Faithful Heroes: Betty Olsen, unselfish even in persecution

Often we think of heroes of the faith as living a long time ago, but there are many examples of heroes of the faith living in recent times.

Betty Olsen

One of these is Betty Ann Olsen.

She was born to Walter and Elizabeh Olsen, missionaries, on October 22, 1934 in Bouake, Côte d’Ivoire, Africa.

While attending high school 800 miles away from her parents she decided to follow in her parents footsteps and dedicate her life to missionary service.

She graduated from Nyack Missionary College, following her nurse’s training in 1962. During that last semester she began to doubt her calling and receiving little help, she wrote that she told the Lord “if this is all there is to Christian life, I don’t want it.”

After her parents returned to the mission field and she’d graduated, she drove from Seattle to Chicago. After several cousneling sessions, she surrendered her struggles to the Lord. She said, “It took a long time before I learned my lesson and surrendered to the Lord the problem that was absorbing my whole life… I had to really want the Lord’s will and His best and truly repent and seek Him with my whole heart before He would help me.”

POW Camp where Betty Olsen served

Her desire was rekindled to become a missionary and she was assigned to Vietnam, a dangerious assignment, where she would work with leporsy. She wrote in her testimony, “Most of the people that I have told about going to Vietnam are greatly concerned, and I appreciate this; however, I am not concerned, and I am very much at peace. I know that I may never come back, but I know that I am in the center of the Lord’s will and Vietnam is the place for me.”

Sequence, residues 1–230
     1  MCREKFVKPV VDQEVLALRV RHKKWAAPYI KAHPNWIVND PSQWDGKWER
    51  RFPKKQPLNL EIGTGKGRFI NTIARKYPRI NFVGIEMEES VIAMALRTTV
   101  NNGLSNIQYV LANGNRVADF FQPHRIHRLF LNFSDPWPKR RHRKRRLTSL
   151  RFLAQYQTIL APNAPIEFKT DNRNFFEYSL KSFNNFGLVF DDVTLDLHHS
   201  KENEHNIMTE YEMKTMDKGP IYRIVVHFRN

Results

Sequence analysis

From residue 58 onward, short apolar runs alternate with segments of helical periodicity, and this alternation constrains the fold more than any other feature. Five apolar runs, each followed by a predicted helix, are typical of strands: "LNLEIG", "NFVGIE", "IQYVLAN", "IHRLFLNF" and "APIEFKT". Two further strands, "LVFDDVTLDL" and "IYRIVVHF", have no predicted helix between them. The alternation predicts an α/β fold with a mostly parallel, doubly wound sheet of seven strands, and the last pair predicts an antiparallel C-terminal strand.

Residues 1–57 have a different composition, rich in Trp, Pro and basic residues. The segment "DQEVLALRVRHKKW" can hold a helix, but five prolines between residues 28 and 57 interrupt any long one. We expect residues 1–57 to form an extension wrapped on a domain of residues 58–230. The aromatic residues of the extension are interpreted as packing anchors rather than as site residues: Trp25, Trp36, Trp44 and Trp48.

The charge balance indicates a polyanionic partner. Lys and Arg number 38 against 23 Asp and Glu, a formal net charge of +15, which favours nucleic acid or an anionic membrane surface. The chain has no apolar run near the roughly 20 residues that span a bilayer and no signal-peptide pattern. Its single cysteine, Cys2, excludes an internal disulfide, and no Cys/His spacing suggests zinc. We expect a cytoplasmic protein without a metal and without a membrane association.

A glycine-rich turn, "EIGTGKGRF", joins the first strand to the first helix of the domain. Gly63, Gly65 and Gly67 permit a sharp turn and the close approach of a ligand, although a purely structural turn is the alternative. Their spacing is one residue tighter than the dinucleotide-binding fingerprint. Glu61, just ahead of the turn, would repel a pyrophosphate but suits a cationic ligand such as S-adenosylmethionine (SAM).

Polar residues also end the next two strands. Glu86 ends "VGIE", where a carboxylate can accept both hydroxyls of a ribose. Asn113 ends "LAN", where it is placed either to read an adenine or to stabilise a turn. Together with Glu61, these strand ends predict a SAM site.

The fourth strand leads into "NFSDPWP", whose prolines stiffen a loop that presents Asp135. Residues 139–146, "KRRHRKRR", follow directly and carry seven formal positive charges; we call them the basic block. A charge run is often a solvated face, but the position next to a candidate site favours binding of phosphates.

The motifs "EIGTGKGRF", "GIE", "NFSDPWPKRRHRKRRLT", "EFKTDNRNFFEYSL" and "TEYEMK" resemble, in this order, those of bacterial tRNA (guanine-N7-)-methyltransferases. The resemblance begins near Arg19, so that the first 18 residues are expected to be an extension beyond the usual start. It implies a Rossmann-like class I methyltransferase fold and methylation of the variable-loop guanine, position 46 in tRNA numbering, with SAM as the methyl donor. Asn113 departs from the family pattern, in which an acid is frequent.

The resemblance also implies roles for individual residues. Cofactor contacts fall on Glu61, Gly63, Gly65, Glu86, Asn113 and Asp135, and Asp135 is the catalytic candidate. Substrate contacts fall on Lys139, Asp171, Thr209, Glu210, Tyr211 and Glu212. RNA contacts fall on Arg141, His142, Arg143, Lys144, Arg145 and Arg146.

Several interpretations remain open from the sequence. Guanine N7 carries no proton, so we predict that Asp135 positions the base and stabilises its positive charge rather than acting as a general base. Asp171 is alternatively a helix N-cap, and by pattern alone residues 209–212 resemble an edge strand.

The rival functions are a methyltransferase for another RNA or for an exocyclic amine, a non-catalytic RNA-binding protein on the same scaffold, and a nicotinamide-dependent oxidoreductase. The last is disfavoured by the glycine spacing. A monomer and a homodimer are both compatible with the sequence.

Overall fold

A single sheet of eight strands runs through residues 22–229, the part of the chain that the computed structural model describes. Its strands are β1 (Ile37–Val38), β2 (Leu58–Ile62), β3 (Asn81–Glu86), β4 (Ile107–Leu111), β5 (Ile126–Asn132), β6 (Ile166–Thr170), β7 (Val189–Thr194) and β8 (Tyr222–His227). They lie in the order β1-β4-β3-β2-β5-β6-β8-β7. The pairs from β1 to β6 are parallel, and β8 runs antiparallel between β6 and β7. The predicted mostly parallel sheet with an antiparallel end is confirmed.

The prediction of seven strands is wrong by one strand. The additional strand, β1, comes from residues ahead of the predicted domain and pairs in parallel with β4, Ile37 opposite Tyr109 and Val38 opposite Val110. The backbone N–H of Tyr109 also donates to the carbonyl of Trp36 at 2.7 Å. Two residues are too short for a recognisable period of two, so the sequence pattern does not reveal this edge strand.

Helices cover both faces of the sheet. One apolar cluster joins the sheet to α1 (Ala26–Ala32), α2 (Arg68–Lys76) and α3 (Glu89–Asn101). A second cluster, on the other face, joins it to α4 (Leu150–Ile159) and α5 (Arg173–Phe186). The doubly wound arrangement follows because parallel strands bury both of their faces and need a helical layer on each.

She arrived in Vietnam on December 13, 1964. She stated in an interview the following year that she was happy being a single woman in a war zone.

On January 28, 1968, the Vietcong overran the compound where she worked and killed six missionaries. Betty and missionary linguist, Henry “Hank” Blood were taken captive while attempting to save a wounded coworker.

The rest of what happened to Betty Olsen comes from a fellow prisoner, Michael D. Benge, an agricultural aid worker.

Betty Olsen

Betty was chained to Hank and Mike and they were forced to walk through mountainous jungles for as much as fourteen hours a day to reach the prison camp.

The three of them suffered infections, skin sored, ulcers and exposure during rainstorms. The jungles were infested with leeches. This led to fever and paralyzing bouts of dysentery. Eventually their hair turned gray and teeth began to fall out due to malnutrition.

“Mike said that Betty was the most unselfish person he had ever known. She would give most of her meager rations to the new, indigenous Christian prisoners. Mike said that Betty saved his life when he had meningitis, coaxing him out of his delirium to eat. He described her as “a Katherine Hepburn type—only with more grit.””

In June 1968, Hank died from pneumonia.

Mike recalled Betty’s spiritual strength stating “she prayed twice a day for me”.

Betty slowly grew weaker. She died in late 1968 or early 1969 {every source has a different date} from disease and abuse from her captors.

Mike Benge concluded, “She never showed any bitterness or resentment. To the end, she loved the ones who mistreated her.”

 

 

 

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